Endurance Genes Found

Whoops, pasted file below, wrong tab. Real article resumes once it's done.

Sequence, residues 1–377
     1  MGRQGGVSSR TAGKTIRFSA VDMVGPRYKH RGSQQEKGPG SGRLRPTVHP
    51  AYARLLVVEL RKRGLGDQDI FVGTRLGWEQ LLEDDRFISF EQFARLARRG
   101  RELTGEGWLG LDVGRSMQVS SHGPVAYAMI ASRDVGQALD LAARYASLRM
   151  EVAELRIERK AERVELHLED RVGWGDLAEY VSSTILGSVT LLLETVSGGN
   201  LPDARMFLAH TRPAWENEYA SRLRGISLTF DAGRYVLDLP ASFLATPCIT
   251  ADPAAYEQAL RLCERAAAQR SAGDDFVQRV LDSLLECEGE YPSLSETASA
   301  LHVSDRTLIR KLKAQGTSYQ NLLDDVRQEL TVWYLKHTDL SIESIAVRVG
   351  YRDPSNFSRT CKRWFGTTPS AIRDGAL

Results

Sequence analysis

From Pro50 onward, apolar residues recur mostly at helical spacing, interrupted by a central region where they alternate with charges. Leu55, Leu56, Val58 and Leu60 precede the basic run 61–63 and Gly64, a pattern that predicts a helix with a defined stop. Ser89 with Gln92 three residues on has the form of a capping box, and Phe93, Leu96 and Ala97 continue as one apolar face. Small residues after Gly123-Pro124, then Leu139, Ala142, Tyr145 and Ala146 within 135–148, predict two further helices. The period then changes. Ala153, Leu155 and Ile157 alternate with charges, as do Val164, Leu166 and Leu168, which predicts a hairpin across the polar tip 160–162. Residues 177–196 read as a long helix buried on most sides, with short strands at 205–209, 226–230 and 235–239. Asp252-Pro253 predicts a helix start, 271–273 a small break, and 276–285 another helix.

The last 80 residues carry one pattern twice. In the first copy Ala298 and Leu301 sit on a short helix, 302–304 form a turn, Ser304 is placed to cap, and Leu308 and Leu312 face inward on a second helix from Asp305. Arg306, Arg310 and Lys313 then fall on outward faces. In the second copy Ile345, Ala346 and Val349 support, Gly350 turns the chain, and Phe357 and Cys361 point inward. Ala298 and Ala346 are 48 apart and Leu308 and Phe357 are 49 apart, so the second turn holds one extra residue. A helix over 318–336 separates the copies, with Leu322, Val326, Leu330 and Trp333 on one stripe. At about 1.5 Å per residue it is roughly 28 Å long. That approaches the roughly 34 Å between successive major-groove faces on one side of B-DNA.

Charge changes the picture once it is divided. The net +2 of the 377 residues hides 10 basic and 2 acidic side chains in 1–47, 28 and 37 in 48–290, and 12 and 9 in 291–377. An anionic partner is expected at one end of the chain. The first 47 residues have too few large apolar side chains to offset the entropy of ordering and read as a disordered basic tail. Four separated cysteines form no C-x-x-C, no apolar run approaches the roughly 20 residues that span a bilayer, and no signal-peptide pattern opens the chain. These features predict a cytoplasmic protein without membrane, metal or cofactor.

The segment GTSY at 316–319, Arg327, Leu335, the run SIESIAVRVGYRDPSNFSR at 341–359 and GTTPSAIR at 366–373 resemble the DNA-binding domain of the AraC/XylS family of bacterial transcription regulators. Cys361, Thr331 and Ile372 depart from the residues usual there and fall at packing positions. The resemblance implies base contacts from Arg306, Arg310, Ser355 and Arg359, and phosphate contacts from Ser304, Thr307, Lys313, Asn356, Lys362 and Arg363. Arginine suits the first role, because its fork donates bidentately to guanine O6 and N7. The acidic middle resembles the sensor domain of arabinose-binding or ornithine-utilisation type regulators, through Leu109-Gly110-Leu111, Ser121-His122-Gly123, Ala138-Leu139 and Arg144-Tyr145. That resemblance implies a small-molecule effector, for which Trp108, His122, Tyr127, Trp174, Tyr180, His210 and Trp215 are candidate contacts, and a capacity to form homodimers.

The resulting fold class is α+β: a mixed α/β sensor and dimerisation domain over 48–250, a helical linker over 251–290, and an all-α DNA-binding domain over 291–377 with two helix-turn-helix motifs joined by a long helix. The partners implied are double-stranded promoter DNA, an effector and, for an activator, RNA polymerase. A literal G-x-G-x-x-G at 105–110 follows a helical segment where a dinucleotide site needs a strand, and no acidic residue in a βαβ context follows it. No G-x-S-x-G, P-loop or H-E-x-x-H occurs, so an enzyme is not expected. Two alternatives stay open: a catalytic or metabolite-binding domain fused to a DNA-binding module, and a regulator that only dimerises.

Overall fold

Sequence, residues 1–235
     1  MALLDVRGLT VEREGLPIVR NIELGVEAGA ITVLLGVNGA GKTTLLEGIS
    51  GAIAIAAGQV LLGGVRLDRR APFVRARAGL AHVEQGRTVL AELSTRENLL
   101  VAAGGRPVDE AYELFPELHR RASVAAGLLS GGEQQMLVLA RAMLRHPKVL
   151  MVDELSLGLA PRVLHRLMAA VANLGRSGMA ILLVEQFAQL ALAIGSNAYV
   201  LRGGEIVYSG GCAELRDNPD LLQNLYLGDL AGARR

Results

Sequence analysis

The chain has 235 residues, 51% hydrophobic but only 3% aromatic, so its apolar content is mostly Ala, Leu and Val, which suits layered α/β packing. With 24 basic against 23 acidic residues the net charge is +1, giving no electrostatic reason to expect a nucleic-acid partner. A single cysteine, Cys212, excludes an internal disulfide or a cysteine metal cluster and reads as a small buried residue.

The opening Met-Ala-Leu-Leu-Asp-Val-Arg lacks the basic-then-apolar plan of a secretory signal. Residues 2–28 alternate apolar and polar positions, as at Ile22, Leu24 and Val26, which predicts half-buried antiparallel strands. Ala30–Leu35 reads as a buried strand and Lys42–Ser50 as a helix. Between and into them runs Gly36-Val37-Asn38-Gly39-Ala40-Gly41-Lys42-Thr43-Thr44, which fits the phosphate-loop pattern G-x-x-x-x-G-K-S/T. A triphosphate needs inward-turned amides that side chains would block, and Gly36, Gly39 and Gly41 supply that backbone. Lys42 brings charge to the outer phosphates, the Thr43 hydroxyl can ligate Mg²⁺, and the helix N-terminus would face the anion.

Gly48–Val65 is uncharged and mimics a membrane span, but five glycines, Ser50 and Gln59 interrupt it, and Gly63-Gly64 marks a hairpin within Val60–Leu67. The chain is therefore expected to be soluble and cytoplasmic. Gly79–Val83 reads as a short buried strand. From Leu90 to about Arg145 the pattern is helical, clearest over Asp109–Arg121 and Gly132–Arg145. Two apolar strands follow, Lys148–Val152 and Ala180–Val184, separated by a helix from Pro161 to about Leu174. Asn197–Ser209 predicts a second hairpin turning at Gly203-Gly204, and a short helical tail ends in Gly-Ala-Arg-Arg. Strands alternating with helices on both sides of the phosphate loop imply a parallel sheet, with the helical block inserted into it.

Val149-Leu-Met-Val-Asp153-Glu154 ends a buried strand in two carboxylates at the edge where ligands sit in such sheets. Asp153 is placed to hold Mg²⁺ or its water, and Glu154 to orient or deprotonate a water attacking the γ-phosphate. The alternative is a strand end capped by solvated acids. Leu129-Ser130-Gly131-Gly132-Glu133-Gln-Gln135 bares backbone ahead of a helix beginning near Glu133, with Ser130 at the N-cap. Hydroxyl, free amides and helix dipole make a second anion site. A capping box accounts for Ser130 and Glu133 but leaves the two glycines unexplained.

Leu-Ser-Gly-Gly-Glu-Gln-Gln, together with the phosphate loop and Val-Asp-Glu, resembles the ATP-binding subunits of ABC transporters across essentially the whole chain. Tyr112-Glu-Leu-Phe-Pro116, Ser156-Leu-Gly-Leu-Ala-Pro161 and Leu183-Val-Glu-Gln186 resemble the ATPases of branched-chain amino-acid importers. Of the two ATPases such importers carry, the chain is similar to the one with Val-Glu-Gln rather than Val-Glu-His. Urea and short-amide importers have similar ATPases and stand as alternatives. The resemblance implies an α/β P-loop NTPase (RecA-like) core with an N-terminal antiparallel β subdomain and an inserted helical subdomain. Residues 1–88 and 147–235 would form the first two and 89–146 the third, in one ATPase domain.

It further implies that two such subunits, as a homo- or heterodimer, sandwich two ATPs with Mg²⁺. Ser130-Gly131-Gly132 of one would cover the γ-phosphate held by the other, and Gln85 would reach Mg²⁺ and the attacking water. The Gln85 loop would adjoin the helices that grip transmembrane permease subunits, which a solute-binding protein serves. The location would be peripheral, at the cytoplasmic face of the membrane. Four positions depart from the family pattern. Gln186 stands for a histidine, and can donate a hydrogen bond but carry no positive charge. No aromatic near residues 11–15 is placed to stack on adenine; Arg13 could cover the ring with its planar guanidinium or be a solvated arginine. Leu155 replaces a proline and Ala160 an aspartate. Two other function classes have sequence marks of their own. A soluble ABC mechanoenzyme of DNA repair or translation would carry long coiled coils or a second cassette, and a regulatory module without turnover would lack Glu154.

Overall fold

“High-altitude mountaineering is about as strenuous endurance training asyou´re likely to get, especially since you´re excercising very hard in verylow oxygen tensions”. So says Dr. Hugh Montgomery who has been trying to ascertain why some people seem to have more than others? The team of researchers from London´s Center for Cardiovascular Genetics have suggested that a certain gene variation could predict special powers of endurance. Their research has shown that a greater quantity of certain athletes have the gene, especially those who have to function under low-oxygen conditions. The subjects for the research consisted of 78 army recruits and a group of British high alktitude mountaineers who regularly climb beyond 7000m without oxygen. The team was originally trying to determine what effect the ACE (which encodes the production of an enzyme known as angiotensin converting enzyme) gene had on growth of the human heart during exercise. They found some unexpected results. We all have two copies of the gene that produces ACE. However, there are two variations of the gene, the “I” variation and the “D” variation, so any given individual is either II, ID or DD. When DNA samples taken from the high-altitude mountainclimbers were analysed, a greater than average amount of them had ID or IIgenes. There were no DD individuals among those climbers that were capableof climbing 8,000 meters without oxygen. “We´re guessing that the effect we´re seeing is due to efficiency of use ofoxygen. That´s why we went to the high altitude mountaineers,” says DrMontgomery. “But we need to confirm that with further scientific studies atsea level where we would expect such an effect to be very much less marked,because oxygen is plentiful.” Thanks to EXN